Tests with white lupins gave no conclusive results, as for some reason it proved very difficult to get satisfactory plants in water cultures. When they are grown under such conditions the roots always tend to get more or less diseased and covered with slime, probably fungal in nature. In the presence of much boric acid the roots remain in a much healthier condition, which suggests that the acid has in this case a strong antiseptic action, and protects the roots. With high concentrations the lower leaves of the plant are badly affected, just as with peas and barley, turning brown and withering at an early date. Various experiments have been made with yellow lupins, but these again are very difficult to grow well in water cultures, as they are apt to drop their leaves for no apparent reason. Generally speaking, the evidence goes to prove that boric acid is toxic down to a concentration of about 500 parts in 25 million. It is difficult to get a true control with which to make comparisons as the plants without boric acid are encumbered with the slime on their roots, which naturally interferes with normal growth, while the plants in the presence of boric acid have the unfair advantage due to the probable antiseptic action of the boron. The effect of the boron poisoning is again evident in the dying off of the lower leaves, which become flaccid and drooping and finally drop off. The lupins grown with boron are very active in the putting forth of lateral roots, so much so that the cortex of the roots is split along the line of emergence of the laterals, which are very numerous and crowded.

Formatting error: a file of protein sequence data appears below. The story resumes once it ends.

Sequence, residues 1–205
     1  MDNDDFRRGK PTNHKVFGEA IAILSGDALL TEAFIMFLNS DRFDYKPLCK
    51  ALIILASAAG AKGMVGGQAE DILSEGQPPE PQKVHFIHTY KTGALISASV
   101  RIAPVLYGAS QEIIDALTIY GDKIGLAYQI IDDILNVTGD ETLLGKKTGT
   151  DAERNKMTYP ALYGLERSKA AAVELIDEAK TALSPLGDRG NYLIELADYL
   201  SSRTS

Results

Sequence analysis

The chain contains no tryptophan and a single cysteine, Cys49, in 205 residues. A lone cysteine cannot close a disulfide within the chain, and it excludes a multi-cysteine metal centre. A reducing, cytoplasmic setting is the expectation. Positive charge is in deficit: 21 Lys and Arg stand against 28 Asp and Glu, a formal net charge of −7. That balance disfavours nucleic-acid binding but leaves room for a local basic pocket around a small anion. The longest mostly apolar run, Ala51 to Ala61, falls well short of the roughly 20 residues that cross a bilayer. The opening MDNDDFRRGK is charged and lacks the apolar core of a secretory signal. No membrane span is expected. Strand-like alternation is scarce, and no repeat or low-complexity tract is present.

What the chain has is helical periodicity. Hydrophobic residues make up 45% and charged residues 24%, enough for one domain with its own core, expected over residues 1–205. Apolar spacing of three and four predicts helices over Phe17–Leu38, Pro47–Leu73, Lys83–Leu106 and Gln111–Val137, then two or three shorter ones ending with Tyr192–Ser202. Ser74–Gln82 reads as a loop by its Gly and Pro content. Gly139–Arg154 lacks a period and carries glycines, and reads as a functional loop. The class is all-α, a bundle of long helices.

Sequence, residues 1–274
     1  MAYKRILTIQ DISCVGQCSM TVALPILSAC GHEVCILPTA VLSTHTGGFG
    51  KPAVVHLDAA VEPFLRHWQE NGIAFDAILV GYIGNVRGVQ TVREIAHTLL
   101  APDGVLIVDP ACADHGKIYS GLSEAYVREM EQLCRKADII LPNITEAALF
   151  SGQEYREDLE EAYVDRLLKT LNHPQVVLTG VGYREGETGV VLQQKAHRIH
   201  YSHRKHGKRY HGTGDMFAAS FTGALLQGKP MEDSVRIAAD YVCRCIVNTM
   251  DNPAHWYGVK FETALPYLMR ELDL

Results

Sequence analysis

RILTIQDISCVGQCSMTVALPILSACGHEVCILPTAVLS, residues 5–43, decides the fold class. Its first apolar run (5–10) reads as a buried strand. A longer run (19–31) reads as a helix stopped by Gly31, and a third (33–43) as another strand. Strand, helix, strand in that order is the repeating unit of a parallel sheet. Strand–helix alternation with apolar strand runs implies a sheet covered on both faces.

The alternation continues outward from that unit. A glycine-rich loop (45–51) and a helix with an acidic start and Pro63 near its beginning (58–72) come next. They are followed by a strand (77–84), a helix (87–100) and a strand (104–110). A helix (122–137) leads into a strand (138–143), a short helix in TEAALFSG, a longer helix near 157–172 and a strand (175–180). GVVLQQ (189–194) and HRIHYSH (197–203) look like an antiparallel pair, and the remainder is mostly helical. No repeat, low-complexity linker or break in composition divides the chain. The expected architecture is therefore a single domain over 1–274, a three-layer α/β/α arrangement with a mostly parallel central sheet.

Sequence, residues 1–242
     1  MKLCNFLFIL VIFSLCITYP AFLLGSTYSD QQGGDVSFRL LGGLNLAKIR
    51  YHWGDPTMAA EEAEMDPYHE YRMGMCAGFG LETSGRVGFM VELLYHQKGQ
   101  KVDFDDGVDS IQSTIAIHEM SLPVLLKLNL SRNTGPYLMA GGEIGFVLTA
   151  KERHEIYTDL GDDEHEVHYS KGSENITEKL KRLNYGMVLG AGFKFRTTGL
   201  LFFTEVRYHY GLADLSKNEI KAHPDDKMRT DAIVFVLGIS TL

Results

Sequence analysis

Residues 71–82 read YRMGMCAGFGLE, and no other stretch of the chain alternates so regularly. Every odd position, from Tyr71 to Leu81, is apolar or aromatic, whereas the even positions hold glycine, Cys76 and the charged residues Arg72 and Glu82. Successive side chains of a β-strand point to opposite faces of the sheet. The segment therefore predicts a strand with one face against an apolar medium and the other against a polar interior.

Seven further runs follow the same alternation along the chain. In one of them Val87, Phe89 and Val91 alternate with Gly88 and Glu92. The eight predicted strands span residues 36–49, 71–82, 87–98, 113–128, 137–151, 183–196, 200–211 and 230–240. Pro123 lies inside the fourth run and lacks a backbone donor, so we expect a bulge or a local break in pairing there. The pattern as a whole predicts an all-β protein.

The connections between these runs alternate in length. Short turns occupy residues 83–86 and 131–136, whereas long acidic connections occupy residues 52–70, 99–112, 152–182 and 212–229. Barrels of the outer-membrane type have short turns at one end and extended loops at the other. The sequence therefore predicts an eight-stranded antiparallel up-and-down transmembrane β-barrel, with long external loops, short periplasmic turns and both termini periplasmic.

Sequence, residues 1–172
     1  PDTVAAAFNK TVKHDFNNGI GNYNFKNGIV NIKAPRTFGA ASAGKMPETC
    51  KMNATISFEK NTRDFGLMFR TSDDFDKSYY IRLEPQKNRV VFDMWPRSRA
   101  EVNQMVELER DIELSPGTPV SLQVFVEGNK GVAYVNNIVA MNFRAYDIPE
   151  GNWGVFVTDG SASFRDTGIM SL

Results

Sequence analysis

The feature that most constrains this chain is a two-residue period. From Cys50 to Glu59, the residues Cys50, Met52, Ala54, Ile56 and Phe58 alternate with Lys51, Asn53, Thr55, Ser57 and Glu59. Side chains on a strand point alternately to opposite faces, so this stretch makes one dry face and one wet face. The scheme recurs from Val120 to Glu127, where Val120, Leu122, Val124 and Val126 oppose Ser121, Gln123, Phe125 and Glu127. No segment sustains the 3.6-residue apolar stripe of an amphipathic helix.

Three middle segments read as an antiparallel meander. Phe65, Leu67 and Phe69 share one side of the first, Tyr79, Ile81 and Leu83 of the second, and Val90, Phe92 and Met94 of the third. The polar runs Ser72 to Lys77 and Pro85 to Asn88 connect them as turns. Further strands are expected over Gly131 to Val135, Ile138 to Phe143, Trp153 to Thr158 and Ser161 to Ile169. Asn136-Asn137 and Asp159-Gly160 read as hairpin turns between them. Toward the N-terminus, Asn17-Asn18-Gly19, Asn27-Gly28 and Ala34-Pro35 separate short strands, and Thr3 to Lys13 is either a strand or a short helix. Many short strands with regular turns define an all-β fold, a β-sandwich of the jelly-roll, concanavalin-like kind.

(b) Toxic action of boron compounds in sand cultures.

Agulhon (1910 a) moistened 2 kgm. pure sand with 500 c.c. nutritive solution for each pot, and boron was added at the rate of 0, 0·1, 1, 10, and 50 mg. boric acid per litre of nutritive solution. Twenty wheat seeds were sown in each pot, and after twelve days the healthy plants in the first four pots were 6–8 cm. high, but those with the maximum amount of boron showed yellowish leaves only 3 cm. long. After three months’ growth the plants were harvested, when those with most boron were found to have died after making about 10 cm. growth. The toxic doses in sand proved to be weaker than those in water cultures, probably because evaporation from the surface of the sand caused concentration of the poisonous liquid.